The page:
Informing the Policymaking Process

In this final step, the regulators should use the results as feedback to inform decision-making. The data and the conclusion provide concrete evidence to determine the appropriate course of action and continue to move forward towards meeting the objectives (Blind, 2008). For instance, this may include amending the regulation, seeking deeper understanding as well as stimulating new reforms. This step allows the core progress indicators for the main objectives of the more likely intervention.


In conducting the RIA, an individual should never forget the objective principle as well as the transparency principle. Any RIA designing and implementation must involve critical steps, which include identifying the regulatory problem, identifying precise regulatory options, defining indicators, collecting data, attributing organizational impact, and inform the policymaking process.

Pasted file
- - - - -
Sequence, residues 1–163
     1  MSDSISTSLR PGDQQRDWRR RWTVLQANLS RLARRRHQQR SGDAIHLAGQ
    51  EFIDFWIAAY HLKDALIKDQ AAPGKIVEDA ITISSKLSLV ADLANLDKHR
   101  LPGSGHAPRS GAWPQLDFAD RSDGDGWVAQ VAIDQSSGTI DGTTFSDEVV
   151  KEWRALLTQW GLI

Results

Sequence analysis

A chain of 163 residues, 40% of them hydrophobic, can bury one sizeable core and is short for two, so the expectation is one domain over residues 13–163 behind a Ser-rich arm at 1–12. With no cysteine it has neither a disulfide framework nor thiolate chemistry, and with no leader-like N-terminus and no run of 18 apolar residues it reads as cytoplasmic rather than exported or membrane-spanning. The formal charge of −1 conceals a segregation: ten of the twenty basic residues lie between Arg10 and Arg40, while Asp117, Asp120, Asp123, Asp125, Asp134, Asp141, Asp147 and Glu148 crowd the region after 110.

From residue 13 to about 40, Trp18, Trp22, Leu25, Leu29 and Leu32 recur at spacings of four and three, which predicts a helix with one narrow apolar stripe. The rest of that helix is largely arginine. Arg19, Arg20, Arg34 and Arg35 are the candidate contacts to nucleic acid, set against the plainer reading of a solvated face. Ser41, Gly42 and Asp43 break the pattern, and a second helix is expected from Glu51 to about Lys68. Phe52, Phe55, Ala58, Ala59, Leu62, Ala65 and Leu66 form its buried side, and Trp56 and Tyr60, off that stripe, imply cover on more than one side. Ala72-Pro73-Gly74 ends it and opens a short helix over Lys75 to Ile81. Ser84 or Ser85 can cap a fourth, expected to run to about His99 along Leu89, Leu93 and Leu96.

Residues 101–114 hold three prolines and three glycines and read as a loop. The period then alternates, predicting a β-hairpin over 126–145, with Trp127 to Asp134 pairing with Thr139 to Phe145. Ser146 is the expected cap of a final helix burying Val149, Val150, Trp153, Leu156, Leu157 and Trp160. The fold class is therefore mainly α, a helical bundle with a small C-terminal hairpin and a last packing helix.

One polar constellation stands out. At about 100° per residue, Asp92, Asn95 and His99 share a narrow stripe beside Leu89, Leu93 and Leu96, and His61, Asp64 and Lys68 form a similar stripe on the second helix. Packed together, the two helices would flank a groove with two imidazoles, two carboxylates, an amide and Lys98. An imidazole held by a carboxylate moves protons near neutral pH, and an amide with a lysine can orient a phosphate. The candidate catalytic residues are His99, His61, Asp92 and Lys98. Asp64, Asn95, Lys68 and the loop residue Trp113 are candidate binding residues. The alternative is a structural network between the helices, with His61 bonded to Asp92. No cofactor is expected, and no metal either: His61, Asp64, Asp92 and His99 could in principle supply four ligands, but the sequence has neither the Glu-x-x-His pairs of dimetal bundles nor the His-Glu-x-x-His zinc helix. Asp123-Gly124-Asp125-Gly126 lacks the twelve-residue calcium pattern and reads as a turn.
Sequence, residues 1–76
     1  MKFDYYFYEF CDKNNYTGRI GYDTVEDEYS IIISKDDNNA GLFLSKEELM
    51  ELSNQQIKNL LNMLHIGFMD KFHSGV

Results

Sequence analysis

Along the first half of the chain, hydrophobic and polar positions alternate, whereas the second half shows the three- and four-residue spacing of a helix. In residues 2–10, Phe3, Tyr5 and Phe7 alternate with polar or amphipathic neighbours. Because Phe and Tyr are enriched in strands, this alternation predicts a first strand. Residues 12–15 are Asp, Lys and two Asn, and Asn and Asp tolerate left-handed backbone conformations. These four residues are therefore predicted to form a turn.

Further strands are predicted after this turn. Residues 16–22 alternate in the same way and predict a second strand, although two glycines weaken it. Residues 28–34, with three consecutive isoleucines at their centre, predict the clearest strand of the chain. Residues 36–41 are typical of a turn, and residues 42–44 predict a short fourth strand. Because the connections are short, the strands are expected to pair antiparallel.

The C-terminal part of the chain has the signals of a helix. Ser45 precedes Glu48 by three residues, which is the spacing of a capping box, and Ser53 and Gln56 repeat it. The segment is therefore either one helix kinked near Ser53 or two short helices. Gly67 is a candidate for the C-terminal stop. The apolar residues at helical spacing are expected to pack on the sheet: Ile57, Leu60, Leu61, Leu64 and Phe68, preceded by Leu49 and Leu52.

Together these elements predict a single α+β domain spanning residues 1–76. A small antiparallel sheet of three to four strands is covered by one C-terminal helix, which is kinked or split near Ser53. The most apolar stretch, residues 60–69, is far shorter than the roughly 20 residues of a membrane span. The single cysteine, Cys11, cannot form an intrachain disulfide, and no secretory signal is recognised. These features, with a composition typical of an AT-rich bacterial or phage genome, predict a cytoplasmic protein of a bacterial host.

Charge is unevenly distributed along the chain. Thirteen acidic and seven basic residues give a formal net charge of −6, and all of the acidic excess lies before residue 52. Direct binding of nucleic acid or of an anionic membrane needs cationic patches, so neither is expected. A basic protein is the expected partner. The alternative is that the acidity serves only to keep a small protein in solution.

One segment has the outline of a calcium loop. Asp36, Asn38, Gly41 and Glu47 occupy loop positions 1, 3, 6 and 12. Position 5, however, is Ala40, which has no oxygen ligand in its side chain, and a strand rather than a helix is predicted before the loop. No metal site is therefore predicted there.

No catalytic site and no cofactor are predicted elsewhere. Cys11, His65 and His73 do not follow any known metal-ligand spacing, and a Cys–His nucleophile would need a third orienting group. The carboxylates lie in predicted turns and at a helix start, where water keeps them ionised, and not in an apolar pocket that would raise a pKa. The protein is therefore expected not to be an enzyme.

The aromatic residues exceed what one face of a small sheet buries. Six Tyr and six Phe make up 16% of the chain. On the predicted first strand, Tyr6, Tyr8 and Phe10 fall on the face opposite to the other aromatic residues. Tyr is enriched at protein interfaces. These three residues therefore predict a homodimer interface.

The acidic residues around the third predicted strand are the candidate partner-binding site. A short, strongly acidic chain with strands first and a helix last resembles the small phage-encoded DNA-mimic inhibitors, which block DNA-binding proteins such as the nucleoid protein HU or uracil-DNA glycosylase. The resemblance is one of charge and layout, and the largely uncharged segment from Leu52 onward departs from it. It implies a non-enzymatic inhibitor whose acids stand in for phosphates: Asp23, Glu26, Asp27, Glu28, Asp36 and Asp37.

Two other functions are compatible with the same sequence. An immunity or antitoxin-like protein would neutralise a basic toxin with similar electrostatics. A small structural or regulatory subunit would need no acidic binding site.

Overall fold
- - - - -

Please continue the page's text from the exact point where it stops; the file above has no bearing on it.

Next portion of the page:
Blind, K. (2008). Regulatory foresight: methodologies and selected applications. Technological Forecasting and Social Change, 75(4), 496-516.

Kirkpatrick, C. H., & Parker, D. (Eds.). (2007). Regulatory impact assessment: towards better regulation?. Edward Elgar Publishing.

Kirkpatrick, C., & Parker, D. (2004). Regulatory impact assessment-an overview.

Kirkpatrick, C., & Parker, D. (2004). Regulatory impact assessment and regulatory governance in developing countries. Public Administration and Development: The International Journal of Management Research and Practice, 24(4), 333-344.

Renda, A. (2015). Regulatory Impact Assessment and regulatory policy. Regulatory Policy in Perspective: A Reader's Companion to the OECD Regulatory Policy Outlook 2015, 35-114.

US Department of Health and Human Services. (2016). Guidelines for regulatory impact analysis. US Department of Health and Human Services.